World Water Day is a day to celebrate a truly precious resource and a day to learn more about how we can protect it.
This year the group focused on groundwater and in particular the potential impacts of opening up the Galilee Basin to mining.
Just this week a study was released with information suggesting that Adani's Carmichael mine could threaten the existence of the ecologically and culturally significant Doongmabulla Springs.
Read more about the report here.
The springs are home to a number of endemic species, that would face extinction if the springs were sucked dry.
A group of dedicated volunteers waded deep into Adani's murky water licence and the predicted threats to groundwater on World Water Day and will take this information to the wider community. Read on for access to some great information resources.
On World Water Day we welcomed experienced researcher and campaigner, Patricia Julien, back to the Environment Centre to give a presentation on the predicted threats of opening up the Galilee Basin to mining.
If you missed it, don't worry, there is another important Groundwater information night coming up soon: Our Water Our Lifeblood on the 12th of April - RSVP now.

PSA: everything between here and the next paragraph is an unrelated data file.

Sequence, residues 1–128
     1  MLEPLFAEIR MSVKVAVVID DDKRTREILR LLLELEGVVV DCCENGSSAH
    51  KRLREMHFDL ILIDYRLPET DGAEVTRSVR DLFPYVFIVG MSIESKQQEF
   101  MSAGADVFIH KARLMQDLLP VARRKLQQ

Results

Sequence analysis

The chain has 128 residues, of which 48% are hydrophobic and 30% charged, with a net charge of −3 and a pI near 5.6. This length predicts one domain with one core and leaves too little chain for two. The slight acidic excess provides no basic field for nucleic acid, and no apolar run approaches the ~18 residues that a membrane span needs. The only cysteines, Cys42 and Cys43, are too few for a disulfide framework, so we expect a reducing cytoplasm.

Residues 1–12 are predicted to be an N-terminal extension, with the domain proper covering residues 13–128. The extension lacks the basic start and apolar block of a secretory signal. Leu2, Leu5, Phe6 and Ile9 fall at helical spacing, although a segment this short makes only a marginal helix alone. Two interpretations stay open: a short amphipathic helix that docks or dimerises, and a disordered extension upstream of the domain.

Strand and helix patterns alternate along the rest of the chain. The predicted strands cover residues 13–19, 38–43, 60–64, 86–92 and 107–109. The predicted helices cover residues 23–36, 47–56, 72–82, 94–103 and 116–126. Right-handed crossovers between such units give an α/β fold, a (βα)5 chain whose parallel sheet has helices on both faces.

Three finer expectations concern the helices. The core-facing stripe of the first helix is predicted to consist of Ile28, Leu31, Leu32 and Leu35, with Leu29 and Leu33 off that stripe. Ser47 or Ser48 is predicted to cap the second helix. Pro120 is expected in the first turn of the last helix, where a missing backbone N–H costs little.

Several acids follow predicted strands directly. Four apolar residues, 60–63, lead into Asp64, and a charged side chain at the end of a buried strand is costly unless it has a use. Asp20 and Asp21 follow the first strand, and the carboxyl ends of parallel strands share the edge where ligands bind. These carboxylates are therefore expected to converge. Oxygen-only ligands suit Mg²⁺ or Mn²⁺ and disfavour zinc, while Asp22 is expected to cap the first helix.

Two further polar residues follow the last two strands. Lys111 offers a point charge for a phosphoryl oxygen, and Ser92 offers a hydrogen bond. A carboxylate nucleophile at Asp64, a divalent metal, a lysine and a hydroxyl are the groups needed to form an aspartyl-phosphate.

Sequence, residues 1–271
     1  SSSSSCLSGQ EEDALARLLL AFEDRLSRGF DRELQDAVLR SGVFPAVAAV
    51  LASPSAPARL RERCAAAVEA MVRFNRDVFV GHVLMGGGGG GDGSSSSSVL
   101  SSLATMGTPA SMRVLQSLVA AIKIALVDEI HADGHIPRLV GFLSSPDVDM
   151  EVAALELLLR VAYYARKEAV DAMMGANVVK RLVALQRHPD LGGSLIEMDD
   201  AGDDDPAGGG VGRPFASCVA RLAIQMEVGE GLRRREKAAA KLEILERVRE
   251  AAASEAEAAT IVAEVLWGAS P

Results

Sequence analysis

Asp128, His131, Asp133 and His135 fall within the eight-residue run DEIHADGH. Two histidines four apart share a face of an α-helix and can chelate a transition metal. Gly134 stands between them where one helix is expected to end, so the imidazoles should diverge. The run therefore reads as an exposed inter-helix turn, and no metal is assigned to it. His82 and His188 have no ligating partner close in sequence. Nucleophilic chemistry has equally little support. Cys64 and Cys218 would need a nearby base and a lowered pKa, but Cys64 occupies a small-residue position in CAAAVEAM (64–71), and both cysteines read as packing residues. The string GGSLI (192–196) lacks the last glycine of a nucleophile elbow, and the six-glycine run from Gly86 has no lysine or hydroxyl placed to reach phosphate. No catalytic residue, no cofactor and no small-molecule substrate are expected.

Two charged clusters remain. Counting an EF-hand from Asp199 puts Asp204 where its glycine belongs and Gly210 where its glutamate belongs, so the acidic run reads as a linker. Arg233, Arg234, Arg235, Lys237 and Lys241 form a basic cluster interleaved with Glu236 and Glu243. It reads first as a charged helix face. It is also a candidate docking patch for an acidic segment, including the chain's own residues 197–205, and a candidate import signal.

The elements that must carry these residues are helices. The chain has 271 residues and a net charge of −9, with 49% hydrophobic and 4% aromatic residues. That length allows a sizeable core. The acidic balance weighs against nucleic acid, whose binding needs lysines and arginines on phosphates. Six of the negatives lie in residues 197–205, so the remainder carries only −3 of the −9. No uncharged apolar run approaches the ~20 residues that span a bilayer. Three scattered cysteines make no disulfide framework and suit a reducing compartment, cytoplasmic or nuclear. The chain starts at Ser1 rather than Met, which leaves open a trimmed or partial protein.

Aquifers and aquitards forming within layers of sediment create complex groundwater systems. One of the impacts described in the new report (featured above) is that the Carmichael mine could damage the Rewan Aquitard, which would allow water from aquifers and the ecologically and culturally significant Doongmabulla springs to run dry.
Alongside the environmental impacts, there is serious concern for the landholders whose land would no longer be usable if groundwater resources were depleted. Though some 'make good' agreements may offer monetary compensation, it is impossible to put a price tag on the loss of access to water on a property. You can read more of Patricia's presentation here.
Adani's Associated Water Licence is unique, because legislation was put in place that prevents the community from objecting to the company's water use. This legislation was pushed through by the Queensland Government on the night that Donald Trump was elected president, a time when all media was focused on the US.
Without water, our environment and our communities cannot exist, so we will continue to campaign to protect our water.
Get in touch if you would like to learn and check out this new factsheet from Lock the Gate available here.